The Truth About C Corporations and Double Taxation


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4 Comments

gavelIf you’ve heard C Corporations are bad, you’ve probably heard the reason is because of something called double taxation. That’s bad, right? Who wants to pay double tax!

But, do you really know what double taxation is?

Double taxation occurs when a C Corporation pays a dividend to its shareholders. The term comes from the fact that the C Corporation pays tax on the profit of the company and then pays out a dividend which is taxable to the shareholder. The dividend is not a deduction for the C Corporation. So both the shareholder and the C Corporation pay tax.

What if the C Corporation pays a salary to its shareholders? In that case, it would be a deduction for the C Corporation and it would be taxable to the shareholder. So there is tax, but only at one place – the shareholder.

What if the C Corporation pays for employee benefits for the shareholders? In that case, it is a deduction for the C Corporation and there is no tax to the shareholder. It’s the exact opposite of double tax. It’s tax free!

Of the three ways that a shareholder can be paid, only one results in double taxation. The solution, I think, is pretty simple. In the case of a small closely held C Corporation – don’t pay dividends!!

That’s how you avoid double taxation in a C Corporation.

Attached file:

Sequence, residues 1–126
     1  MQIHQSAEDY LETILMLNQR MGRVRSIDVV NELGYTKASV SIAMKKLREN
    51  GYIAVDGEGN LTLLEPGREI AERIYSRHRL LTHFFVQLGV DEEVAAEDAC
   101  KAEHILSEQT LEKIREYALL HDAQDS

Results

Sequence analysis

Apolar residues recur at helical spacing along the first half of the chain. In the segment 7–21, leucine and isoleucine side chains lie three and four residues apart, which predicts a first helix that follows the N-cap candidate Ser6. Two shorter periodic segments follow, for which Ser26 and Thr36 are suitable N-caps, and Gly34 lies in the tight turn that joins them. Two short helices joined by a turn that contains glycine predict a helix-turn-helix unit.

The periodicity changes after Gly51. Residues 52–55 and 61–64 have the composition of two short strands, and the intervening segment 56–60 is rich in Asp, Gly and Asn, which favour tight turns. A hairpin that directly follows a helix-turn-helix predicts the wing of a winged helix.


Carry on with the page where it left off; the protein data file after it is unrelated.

4 Comments

  1. Diane Kennedy says:

    PS:

    Regarding the farm in a high tax state. Well, part of it is going to depend how the tax is calculated. If it’s based on a net income number, like CA is, then look for ways to take as many expenses as possible against that state’s income. For example, if I lived and had a business in TX and a farm in CA. I know that my TX biz is going to get hit by Margin Tax no matter what. The expenses I have don’t matter. So if I have an expense that could go either way, I’ll send it against my CA farm.

  2. Diane Kennedy says:

    PS, I think you’re talking about the 3.8% surtax on passive income. At this moment, it does NOT include S Corporation distributions. It applies just to rents, royalties, capital gains and the like. But NOT S Corporation.

    As far as the question of excess compensation, absolutely that can be a problem with a C Corporation. If your income is too high through a salary, they could call some of it a dividend.

    I prefer to use a combination of S Corp and C Corp to get the best of both worlds.

  3. PS says:

    DIane – any thoughts on how to avoid nexus and taxation in a high tax state when the basis of the business (farming) is land ownership in the high-tax state?

  4. PS says:

    Diane – thinking about converstion to Sub S from a C Corp (only one s/h) – me!). Will Obamacare affect the sub S distributions by requiring the nearly 4% additional tax on distributions above compensation levels? If so, wouldn’t a C Corp be a better option on this issue alone?

    Also, increasing compensation in a C Corp to avoid double taxation of dividends is great but at a certain point don’t you risk having “excessive compensation” being tagged as a dividend in disguise and recharacterized?

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